I recently attended and presented at Dave McClure’s PreMoney conference in San Francisco. I go every year because I love events hosted & moderated by insiders involving discussions by insiders because it maximizes the amount of real discussions people have. What you’ll see if you watch the video is an unscripted and unfiltered look into how Scott Kupor & I see some of the changes and challenges of the venture industry.
- Scott and I agree on nearly everything: The VC structure is changing and there appears to be a bifurcation into small & large VCs with an impact on “traditionally sized” VCs. I wrote my version here and Scott wrote an excellent write-up of his views here.
- We both agree that the later-stage valuations are being driven up to a point that feels irrationally priced [he uses b-round SaaS valuations as an example and I am willing to be even more broad based]
- We both are concerned about non-traditional capital entering the late stages and the impact that may have in the next downturn in the economy to the startups who merely trying to optimize for short-term valuation maximization
The only point we didn’t seem totally aligned on was what we happening to the “middle of the VC market.” I believe Scott’s argument is that the market is following many other services markets where you have small, expert, boutique small firms and a handful of mega players as we see in banking, law, accounting, entertainment agencies, et. I don’t totally agree with that view. Most of those industries are fee-based and are competing on revenue growth. Venture is a returns based and I believe has different characteristics.
I believe the middle isn’t being “gutted” but rather is being supplemented by “opportunity funds” and “growth funds” that sit side-by-side “core funds” allowing the firms to stay small and nimble while still being able to grab prorata rights of their best early-stage investments. I believe most LPs still want discipline in fund sizes, fees and focus. But my guess is that if Scott and I ever sat down and discussed this we wouldn’t disagree very much either and what Andreessen Horowitz has achieved in the venture industry in less than a decade is nothing short of remarkable.
So here are the two videos of Scott, Dave and I discussing the changes with my brief notes below if you prefer not to watch the videos. Each of the two videos is about 10 minutes long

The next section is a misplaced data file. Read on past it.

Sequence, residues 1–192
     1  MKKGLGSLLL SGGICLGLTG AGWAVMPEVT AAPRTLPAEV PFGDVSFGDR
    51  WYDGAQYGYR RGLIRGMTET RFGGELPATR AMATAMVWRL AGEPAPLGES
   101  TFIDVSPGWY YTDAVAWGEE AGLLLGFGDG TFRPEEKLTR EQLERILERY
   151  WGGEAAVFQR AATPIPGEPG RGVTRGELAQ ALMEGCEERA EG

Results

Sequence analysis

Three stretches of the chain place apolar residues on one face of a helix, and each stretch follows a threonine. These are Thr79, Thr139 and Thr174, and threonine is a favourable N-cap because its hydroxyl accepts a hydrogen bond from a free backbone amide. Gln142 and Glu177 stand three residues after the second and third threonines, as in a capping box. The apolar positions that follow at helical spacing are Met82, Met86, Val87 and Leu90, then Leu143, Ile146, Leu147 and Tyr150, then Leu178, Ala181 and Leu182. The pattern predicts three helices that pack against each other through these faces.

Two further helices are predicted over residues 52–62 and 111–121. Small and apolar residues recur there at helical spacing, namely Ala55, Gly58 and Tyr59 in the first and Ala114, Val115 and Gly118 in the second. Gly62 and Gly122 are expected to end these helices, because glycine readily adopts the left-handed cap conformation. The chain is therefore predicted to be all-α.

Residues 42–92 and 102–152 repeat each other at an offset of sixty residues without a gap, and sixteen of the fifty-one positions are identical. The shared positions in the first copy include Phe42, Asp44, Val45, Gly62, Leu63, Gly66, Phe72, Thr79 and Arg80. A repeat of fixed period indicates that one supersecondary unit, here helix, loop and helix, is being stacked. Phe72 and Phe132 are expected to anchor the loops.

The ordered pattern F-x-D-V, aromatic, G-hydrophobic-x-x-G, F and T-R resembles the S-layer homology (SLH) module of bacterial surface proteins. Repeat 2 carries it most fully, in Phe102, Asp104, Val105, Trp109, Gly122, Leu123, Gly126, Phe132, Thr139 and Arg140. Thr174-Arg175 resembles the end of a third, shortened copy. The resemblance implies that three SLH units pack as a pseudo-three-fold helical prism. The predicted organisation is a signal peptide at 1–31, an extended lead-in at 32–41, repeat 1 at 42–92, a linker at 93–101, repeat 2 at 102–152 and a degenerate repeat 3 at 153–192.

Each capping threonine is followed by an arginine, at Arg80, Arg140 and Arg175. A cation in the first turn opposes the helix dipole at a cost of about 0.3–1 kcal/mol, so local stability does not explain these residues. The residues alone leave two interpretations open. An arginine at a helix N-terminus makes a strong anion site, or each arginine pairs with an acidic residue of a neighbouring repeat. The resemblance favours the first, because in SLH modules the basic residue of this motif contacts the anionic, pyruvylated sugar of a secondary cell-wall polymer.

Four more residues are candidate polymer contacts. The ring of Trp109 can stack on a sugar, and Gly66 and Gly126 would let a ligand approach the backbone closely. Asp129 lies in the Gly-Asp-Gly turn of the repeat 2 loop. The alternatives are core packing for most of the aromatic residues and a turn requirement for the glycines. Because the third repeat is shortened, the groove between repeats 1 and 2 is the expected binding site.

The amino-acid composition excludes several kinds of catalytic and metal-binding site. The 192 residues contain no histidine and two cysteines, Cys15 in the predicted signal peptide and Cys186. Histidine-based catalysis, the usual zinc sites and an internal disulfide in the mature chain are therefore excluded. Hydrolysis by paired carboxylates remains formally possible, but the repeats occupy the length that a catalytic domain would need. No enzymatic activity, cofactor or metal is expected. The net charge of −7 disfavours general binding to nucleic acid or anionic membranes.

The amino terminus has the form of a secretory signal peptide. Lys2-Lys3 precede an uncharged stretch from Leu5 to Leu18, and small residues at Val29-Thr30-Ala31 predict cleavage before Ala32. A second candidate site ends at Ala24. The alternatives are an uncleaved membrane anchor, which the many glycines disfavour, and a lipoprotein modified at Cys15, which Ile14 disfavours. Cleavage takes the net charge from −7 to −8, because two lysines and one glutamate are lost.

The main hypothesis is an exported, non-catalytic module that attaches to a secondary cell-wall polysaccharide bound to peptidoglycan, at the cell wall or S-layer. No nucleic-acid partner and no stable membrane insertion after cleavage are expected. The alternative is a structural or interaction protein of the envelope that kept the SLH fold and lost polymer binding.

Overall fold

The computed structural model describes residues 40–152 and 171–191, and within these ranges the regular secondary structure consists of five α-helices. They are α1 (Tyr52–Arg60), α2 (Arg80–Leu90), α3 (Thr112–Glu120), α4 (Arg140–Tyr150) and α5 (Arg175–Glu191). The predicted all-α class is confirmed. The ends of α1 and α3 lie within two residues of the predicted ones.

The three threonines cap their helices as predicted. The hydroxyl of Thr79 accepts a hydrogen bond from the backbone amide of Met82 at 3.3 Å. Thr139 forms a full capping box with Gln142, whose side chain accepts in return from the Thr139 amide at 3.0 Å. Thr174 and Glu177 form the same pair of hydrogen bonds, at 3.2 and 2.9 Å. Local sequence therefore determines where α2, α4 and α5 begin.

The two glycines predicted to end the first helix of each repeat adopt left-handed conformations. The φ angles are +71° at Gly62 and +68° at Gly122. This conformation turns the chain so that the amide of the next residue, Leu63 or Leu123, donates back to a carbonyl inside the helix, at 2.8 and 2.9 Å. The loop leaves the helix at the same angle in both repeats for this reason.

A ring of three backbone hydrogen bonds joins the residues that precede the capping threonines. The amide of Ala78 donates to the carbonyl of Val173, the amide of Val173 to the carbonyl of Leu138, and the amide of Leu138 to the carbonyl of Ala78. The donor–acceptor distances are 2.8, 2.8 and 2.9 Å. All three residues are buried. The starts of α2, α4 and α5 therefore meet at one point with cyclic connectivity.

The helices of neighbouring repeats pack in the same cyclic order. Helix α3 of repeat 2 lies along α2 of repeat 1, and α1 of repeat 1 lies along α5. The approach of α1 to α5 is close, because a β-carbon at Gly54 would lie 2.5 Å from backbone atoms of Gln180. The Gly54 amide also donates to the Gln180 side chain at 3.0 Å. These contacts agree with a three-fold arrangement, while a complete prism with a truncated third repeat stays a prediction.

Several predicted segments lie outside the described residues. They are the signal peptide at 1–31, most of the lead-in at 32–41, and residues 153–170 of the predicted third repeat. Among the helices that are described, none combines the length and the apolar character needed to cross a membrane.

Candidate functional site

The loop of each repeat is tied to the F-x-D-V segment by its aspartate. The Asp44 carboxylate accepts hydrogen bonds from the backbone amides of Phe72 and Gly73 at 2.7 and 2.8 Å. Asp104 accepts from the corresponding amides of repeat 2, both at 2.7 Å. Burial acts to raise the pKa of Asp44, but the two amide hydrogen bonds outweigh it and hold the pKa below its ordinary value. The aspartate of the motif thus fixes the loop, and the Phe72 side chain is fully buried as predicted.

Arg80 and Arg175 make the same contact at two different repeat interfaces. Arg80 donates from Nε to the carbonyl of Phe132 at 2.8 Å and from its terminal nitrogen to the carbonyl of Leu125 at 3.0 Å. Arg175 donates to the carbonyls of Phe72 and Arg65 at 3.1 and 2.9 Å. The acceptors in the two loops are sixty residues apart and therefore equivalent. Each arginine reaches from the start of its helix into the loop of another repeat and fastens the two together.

- Late stage valuations are in a mini bubble. It doesn’t mean that these won’t produce great companies but the prices people are paying for today’s value exceeds what the underlying value of the business is worth and does not account for the risks the investor is assuming. (not in video but late stage valuations have grown 24% compounded years for the past 4 years which is higher than any segment. Four years ago people paid $66m median pre-money valuation and are now paying $155m. This can’t all be driven by increased company performance).
- Scott pointed to B-round SaaS valuations in excess of $100 million in $15m+ financing rounds with companies with very limited proof of customer traction or revenue. He said that a16z prefers to invest earlier stage in these types of businesses.
- Mark pointed out that on the one hand 6 months ago one of Silicon Valley’s best known ibankers told him that SaaS public valuations were the most over-valued since the dot com bubble in 2000. Yet Mark also pointed out that the recent corrections in the public market valuations and the scrutiny new IPOs have undergone is a health sign.
- Both Scott and Mark discussed the challenges of non-traditional VCs entering the market where valuation / returns may not have the same importance as it does to a purely financial investor. While this is temporarily a good thing for entrepreneurs it will turn sour when we go through the next inevitable downturn. We are 5 years into a bull market and all economic markets run in cycles. At some point the music will stop and we’ll find out which strategies were prudent.
- In part two of the group discussion Dave asked us about the trend of founders and early investors being able to liquidation some of their position in later-stage venture rounds.
- Scott and I both agree that this is a continuing trend because as companies stay private for longer before an IPO there is an interest for all early-stage shareholders to consider realizing some of their gains
- We pointed out; however, that some of the recent trends have moved in the opposite direction notably Uber trying to crack down on who can sell stock and to whom.
- Scott & I both agree violently that companies do care (and should care) who holds their stock for many reason and that also having a sensible plan for how founders can liquidate stock or every how early-stage investors can liquidate stock is important. Dave was a little bit less convinced on this issue but perhaps that’s driven by his stage and his potential desire to get early liquidity for his fund or for founders in general where Scott & I are both very long-term investors in companies. Either way it turned into a heated debate.
- Scott spoke about the a16z ethos to put more of the fees investors pay into “services” rather than partner pockets. Mark didn’t get a chance to talk about that topic but since he’s writing about himself in third person here he can confirm that is 100% the strategy of Upfront Ventures.
- Mark talked about the nature of “opportunity funds” and “growth funds” set up by great firms such as Union Square Ventures, Foundry Group, FirstMark, Greycroft and others and how they economics and structure of these funds often creates strong alignment between LPs and VCs and allows early-stage funds and traditional VCs to compete more effectively in later-stage rounds for prorata of existing, well-performing portfolio companies.
And we ended. But here is the deck I used to present before our panel if you haven’t seen it already:
(Cross-posted @ Both Sides of the Table)